Share:

Years and Volumes

Success! Thank you for subscribing to receive email notifications when new articles are published in Molecular Medicine 2015. Click here to manage your subscriptions.

 
Molecular Medicine Volume 12

Articles from this Volume

Fabio Malavasi, Silvia Deaglio, Enza Ferrero, Ada Funaro, Jaime Sancho, Clara M Ausiello, Erika Ortolan, Tiziana Vaisitti, Mercedes Zubiaur, Giorgio Fedele, Semra Aydin, Elena V Tibaldi, Ilaria Durelli, Riccardo Lusso, Franco Corzo, and Alberto L Horenstein

View article PDF
Posted by Leah Caracappa on Dec 14, 2011 2:48 PM CST
Fortunato Morabito, Rajendra N Damle, Silvia Deaglio, Michael Keating, Manlio Ferrarini, and Nicholas Chiorazzi

View article PDF
Posted by Leah Caracappa on Dec 14, 2011 2:47 PM CST
George T Stevenson

View article PDF

 

Posted by Leah Caracappa on Dec 7, 2006 12:00 AM CST
2006 Supplement 
 
The function of the mammalian immune system is to detect and destroy foreign antigens from viruses, bacteria and other exogenous sources; as well as dysfunctional or aberrant endogenous antigens, such as cancer cells.  In this capacity, cells of the immune system can have highly lethal effects on its targets, a characteristic that allows rapid and efficient clearance of undesired cells, microorganisms, and antigens.  Left uncontrolled, however, these lethal activities can have adverse effects on normal cells and tissues, causing pathologies ranging from rheumatoid arthritis, inflammatory bowel disease and septic shock, to lupus, myeloma and leukemia.  In order to maintain the proper balance between healthful and harmful immune responses, the cells of the immune system rely on complex direct and indirect interactions that are mediated in part through cell surface molecules including some known as cellular differentiation (CD) markers. Over 500 leukocyte CD markers have been characterized to date.  These surface proteins serve as the interface between the immune cells and their environment, and occupy a central role in transducing intracellular signals that regulate cellular activities.  Among these cell surface proteins are two members of a family of cyclases that metabolize nicotinic adenine dinucleotide (NAD+) into nicotinic acid adenine dinucleotide phosphate (NAADP) and cyclic adenosine dinucleotide phosphate-ribose (cADPR), and are potent modulators of the immune system.  These two ectoenzymes, known as CD38 and CD157, have been the focus of much research into the biology of the immune system.  Research being conducted by molecular biologists, protein chemists, immunologists and clinicians has generated a better understanding of the biological functions of the CD38 family of ectoenzymes, and their roles in health and disease.  Discoveries in basic biology, combined with clinical observations and ground-breaking translational research, are setting the stage for targeted therapeutics, and fulfilling the mission of molecular medicine. As presented at the Torino CD38 Meeting, the culmination of these efforts is the identification of these ectoenzymes as potential new therapeutic targets or diagnostic markers for myleoma and leukemia.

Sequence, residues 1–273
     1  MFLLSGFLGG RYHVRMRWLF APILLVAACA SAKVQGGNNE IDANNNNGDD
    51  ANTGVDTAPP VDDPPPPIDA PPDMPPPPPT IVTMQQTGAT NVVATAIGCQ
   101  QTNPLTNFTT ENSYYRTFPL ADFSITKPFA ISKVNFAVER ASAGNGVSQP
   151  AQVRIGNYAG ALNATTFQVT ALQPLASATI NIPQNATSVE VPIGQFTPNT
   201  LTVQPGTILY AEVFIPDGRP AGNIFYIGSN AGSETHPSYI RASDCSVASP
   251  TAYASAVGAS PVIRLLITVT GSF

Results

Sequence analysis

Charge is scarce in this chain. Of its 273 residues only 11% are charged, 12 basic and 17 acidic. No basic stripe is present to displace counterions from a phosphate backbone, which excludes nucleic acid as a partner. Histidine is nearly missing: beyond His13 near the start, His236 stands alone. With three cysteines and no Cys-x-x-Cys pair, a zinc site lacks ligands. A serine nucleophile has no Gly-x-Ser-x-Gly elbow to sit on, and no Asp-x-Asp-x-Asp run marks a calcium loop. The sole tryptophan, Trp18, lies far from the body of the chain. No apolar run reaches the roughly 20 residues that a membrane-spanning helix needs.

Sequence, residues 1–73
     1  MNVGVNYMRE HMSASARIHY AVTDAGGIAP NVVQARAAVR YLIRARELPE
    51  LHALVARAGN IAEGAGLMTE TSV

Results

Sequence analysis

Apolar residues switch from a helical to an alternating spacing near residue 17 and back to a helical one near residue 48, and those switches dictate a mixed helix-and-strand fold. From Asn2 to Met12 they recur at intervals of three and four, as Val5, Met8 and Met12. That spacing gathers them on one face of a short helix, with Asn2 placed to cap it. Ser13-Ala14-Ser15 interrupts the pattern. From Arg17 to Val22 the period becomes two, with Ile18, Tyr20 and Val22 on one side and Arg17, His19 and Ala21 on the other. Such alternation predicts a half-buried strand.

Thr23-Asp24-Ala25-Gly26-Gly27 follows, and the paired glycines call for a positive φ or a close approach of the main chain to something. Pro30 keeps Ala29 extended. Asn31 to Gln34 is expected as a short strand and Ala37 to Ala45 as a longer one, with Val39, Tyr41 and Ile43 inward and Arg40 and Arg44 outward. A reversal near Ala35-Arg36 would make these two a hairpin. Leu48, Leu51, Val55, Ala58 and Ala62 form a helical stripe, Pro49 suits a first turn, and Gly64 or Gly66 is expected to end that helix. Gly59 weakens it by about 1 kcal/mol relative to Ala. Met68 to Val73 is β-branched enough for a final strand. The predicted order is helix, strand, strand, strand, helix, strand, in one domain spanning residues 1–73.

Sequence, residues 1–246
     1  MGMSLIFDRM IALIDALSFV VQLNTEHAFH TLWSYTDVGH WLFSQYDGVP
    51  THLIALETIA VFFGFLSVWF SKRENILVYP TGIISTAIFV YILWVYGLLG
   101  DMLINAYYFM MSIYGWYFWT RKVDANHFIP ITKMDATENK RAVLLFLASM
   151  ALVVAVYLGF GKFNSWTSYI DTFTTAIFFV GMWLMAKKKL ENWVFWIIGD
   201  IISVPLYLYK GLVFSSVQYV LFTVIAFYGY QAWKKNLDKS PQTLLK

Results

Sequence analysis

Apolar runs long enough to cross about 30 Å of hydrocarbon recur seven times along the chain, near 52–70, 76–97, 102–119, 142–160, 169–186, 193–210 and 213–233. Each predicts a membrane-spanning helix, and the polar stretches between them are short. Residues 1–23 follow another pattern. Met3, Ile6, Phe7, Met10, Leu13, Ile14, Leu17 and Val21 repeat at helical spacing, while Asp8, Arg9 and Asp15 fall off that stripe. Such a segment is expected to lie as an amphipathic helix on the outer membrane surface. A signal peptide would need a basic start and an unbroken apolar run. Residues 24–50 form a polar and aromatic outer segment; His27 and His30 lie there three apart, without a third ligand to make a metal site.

View Full Supplement PDF
Posted by Leah Caracappa on Dec 6, 2006 12:00 AM CST
Fabio Malavasi, Silvia Deaglio, Enza Ferrero, Ada Funaro, Jaime Sancho, Clara M Ausiello, Erika Ortolan, Tiziana Vaisitti, Mercedes Zubiaur, Giorgio Fedele, Semra Aydin, Elena V Tibaldi, Ilaria Durelli, Riccardo Lusso, Franco Corzo, and Alberto L Horenstein

View article PDF
Posted by Leah Caracappa on Dec 5, 2006 12:00 AM CST
Posted by Leah Caracappa on Dec 4, 2006 12:00 AM CST
Richard A Billington, Santina Bruzzone, Antonio De Flora, Armando A Genazzani, Friedrich Koch-Nolte, Mathias Ziegler, and Elena Zocchi

View article PDF
Posted by Leah Caracappa on Dec 3, 2006 12:00 AM CST
Posted by Leah Caracappa on Dec 2, 2006 12:00 AM CST
Posted by Leah Caracappa on Dec 1, 2006 12:00 AM CST
Amy Warenda Czura and Christopher J Czura

View article 
PDF
Posted by Leah Caracappa on Nov 7, 2006 12:00 AM CST
< Prev    1 2